College of

Shaping Geometric Knowledge

Thursday, September 22, 2016 - 9:15am

Can virtual building blocks help young children develop geometric and spatial skills? A Mountaintop team, led by Robin Hojnoski, associate professor of School Psychology, and Michael Spear, assistant professor of Computer Science and Engineering, is experimenting to see if it's possible.

The team spent the summer furthering the development of a block-building tablet application begun in 2015. This year, the team aimed to finalize the educational app it hopes will provide meaningful learning experiences for young children as well as a deeper understanding of child development for researchers.

Tentatively named BuildSpace, the app allows children to build a virtual structure on a tablet as they might with real blocks. Users can choose from a variety of three-dimensional shapes to move, position and stack. Users can also view the shapes from different perspectives, just as they might move around when building with real blocks.

Team members spanned a variety of disciplines and included Brittany Kuder, doctoral student in School Psychology and Hojnoski's graduate research assistant; Emily Gallagher and Nina Ventresco, both doctoral students in School Psychology; Basilio Garcia '17, a Computer Science and Business major; Lucy Swett '19, a Computer Science major; Melissa Gustafson '19, an English and Psychology major, and Maryam Turkey, a rising senior studying Industrial and Product Design at the Pratt Institute in New York.

Kuder and her teammates visited child care centers and assigned children between the ages of 4 and 7 to do one of two conditions: building with the app or building with real blocks. Kuder first administered the block design subtest of the Wechsler Preschool and Primary Scale of Intelligence (WPPSI) to control for spatial ability. Team members also administered pre- and post-assessments on mental transformation, mental folding and shape identification to compare growth between the two conditions. The team took measurements, such as the amount of time children spent building, whether or not they reset the app or knocked down their blocks, what they built and what they described.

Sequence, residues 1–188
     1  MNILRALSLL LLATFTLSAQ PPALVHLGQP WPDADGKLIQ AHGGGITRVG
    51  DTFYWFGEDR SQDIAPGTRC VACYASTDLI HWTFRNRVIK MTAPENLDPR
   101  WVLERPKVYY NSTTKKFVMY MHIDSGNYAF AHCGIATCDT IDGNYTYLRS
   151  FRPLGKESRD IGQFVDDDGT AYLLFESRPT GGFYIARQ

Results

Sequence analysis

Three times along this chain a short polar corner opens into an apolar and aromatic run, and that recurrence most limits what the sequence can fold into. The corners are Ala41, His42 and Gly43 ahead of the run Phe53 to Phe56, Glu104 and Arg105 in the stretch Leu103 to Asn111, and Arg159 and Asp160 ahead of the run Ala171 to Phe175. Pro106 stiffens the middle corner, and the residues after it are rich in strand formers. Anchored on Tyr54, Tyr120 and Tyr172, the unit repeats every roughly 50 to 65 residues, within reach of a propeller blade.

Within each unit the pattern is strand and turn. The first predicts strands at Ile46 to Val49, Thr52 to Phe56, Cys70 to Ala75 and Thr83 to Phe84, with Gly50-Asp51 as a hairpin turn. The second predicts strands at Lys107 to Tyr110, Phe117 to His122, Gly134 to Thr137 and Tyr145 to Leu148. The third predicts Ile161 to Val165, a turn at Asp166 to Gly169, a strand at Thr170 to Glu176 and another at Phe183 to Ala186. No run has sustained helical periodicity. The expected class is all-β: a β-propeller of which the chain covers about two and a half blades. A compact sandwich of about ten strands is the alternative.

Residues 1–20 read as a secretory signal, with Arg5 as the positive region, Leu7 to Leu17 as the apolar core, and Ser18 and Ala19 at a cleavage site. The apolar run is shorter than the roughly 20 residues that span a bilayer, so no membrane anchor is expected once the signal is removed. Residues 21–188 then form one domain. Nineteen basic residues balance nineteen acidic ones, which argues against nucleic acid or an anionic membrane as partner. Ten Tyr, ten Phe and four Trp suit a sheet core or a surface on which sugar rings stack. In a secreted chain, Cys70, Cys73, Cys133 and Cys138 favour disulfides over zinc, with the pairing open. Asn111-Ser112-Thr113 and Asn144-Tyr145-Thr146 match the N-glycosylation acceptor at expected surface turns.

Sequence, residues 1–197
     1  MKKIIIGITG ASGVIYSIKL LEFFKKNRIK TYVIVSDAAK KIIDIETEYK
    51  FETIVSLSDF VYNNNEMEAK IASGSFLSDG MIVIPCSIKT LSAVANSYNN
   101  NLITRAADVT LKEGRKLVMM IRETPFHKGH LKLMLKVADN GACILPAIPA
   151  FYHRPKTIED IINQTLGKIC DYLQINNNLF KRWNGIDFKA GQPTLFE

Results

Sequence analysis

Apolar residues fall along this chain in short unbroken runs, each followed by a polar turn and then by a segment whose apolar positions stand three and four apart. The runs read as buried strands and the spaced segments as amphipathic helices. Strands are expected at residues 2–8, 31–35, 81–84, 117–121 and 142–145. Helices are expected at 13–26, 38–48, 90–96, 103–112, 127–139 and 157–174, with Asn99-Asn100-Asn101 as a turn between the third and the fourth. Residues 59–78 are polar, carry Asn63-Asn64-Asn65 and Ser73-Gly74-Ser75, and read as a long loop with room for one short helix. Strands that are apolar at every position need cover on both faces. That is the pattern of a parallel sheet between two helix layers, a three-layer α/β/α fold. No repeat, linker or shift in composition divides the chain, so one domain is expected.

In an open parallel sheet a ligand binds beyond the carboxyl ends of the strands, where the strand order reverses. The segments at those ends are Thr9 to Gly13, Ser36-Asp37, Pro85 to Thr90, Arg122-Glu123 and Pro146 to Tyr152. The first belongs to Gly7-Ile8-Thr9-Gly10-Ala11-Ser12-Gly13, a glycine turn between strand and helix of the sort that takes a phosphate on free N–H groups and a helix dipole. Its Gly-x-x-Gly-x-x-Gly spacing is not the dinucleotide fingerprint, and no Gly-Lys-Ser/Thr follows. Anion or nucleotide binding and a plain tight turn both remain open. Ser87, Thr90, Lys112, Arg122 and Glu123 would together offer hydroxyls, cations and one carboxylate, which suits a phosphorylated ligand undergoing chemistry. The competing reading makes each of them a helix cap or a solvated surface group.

Throughout the summer, the team worked to refine the app and determine how to collect the app's back-end data, which it hopes can provide insight into how children use the app and how that relates to measures of child development and demographic data. The team explored the creation of a guided-building platform as well as a contextualized-building platform that would include building activities within an interactive storybook.

The nature of the Mountaintop program allowed the team to explore possibilities without explicit requirements or fear of failure.

"When we had our first meeting and we knew that there were still some things that are really just hard to do with the app, we kind of said, 'All right, this isn't about an experiment, this is about exploring what we could do and seeing what comes out of it,' " said Hojnoski. "And that is somewhat frightening for people who are used to controlling things, but was also, I think, a little bit freeing."

By: Kelly Hochbein